This is a lovely children’s classic written in 1893 by Canadian author Margaret Marshall Saunders. It is based on a true story and told in the first person from Joe, the dog’s, point of view. I picked up my copy in a gift shop on vacation in Nova Scotia some years back.
from the back cover:
Beautiful Joe, a mongrel dog, was cruelly mutilated by his maser and through pure good fortune was brought to the Morrisses – to Miss Laura – who nursed him back to health. This tale of tender devotion between a dog and his owners is a timeless classic that brought Halifax writer Margaret Marshall Saunders much acclaim. At the time of her death in 1947 she was described as ‘Canada’s Most Revered Writer.’
This profoundly touching narrative, told by Beautiful Joe himself, has promoted interest in the humane treatment of animals. It also brings to light issues about farming and farm animals that are as timely today as they were more than a century ago when Saunders wrote this book.
I did enjoy this lovely story and fell in love with Joe. It was a little preachy, but the love story between Joe and the family, especially Laura, was very touching. It really made a statement about animal abuse in all forms. It is a wonderful book for children and I am looking forward to reading it to my grandkids. The Morris kids are always bringing home injured animals to nurse to health, Davy the rat, Malta the cat, Billy another dog, and there are birds too. It is a great conversation starter with your kids about treating animals with dignity and respect as they are God’s creation too. Although it is a little gory with the details as Joe is being abused in the beginning, but it opens your eyes to the severity of the issue.
A few quotes from the book…
“This one, pointing to me, ‘might be held up as an example to many a human being. He is patient, quiet, and obedient. My husband says that he reminds him of three words in the Bible- ‘through much tribulation.'”
“Why does he say that? asked Mrs. Montaue, curiously.
“Because he came to us from a very unhappy home.” And Mrs. Morris went on to tell her friend what she knew of my early days.
When she stopped, Mrs. Montague’s face was shocked and pained.
Two days later … ‘Mrs. Montague’s son Charlie came to the house, he brought something for me done up in a white paper. Mrs. Morris opened it and there was a handsome, nickel-plated collar, with my name it – Beautiful Joe. Wasn’t I pleased! They took off the little shabby leather strap that the boys had given me when i came, and fastened on my new collar, and then Mrs. Morris held me up to a looking glass to look at my self. I felt so happy. Up to this time I had felt a little ashamed of my cropped ears and docked tail, but now that I had a fine new collar I could hold up my head with any dog.’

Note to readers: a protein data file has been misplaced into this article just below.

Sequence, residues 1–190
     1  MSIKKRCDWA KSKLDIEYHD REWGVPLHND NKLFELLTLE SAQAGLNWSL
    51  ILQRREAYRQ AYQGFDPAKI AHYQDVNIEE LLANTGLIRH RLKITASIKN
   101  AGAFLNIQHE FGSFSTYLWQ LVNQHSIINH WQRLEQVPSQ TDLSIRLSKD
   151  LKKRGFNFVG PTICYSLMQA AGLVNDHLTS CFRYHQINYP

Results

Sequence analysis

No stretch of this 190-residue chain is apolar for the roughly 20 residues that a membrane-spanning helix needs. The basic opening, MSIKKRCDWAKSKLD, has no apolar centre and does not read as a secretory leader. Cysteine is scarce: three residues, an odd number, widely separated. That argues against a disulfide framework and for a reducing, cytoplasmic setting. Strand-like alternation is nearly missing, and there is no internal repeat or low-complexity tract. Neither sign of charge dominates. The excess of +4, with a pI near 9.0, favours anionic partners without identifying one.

And speaking of abuse of birds for their plumage…
“I am sorry to tell you such painful things, but I think you ought to know them. You will soon be men and women. Do what you can to stop this horrid trade. Our beautiful birds are being taken from us, and the insect pests are increasing. The State of Massachusetts has lost over one hundred thousand dollars because it did not protect its birds. The gypsy moth stripped the trees near Boston and the State had to pay out all this money, and even then could not get rid of the moths. The birds could have done it better than the State, but they were all gone. My last words to you are, ‘Protect the birds.'”
There is lots of great conversation between the animals also!
The real Joe was an Airedale-type dog, brown and medium in size. His owner abused him to almost the point of death even cutting off his ears and tail. Ms. Saunders sister-in-law’s father had rescued him in 1890. Ms. Saunders learned of Joe in 1892 and wrote the full length novel in 1893. She changed the family’s name and the setting of the story to Maine, USA to enter it in a contest being run by the American Humane Society. It won and was published in 1894. It was the first Canadian book to sell over 1 million copies and by 1939 had sold over 7 million worldwide. In 1902 a sequel , Beautiful Joe’s Paradise, was published.
There is a lovely historical plaque in Ontario for Beautiful Joe, see it here.
In 1994 The Beautiful Joe Heritage Society was formed to honor the life and story of Joe and the literary and humane achievements of Ms. Saunders.
You can purchase a book format of this book (new or used) in many places online, including thru the Heritage Society or download a free ebook format at Project Gutenberg here.
Ms. Saunders was born in Milton, Nova Scotia, though she spent most of her childhood in Berwick, Nova Scotia where her father was a Baptist minister.
Bibliography for Ms. Saunders…
- My Spanish Sailor (1889)
- Beautiful Joe (1893)
- Charles and His Lamb (1895)
- For the Other Boy’s Sake, and Other Stories (1896)
- The House of Armour (1897)
- The King of the Park (1897)
- Deficient Saints (1899)
- For His Country (1900)
- Her Sailor (1900)
- Tilda Jane, An Orphan In Search of a Home (1901)
- Beautiful Joe’s Paradise (1902)
- Nita, the Story of an Irish Setter (1904)
- The Story of Gravelys (1904)
- Princess Sukey; The Story of a Pigeon and Her Human Friends (1905)
- The Story of an Eskimo Dog (1906)
- My Pets (1908)
- Tilda Jane’s Orphans (1909)
- The Girl from Vermont (1910)
- Pussy Black-Face (1913)
- Boy, the Wandering Dog (1916)
- Golden Dicky (1919)
- Bonnie Prince Fetlar (1920)
- Jimmy Gold-Coast (1924)
- Esther de Warren (1927)
This book is 1/13 in my Canadian Book Challenge! Check it out at The Book Mine Set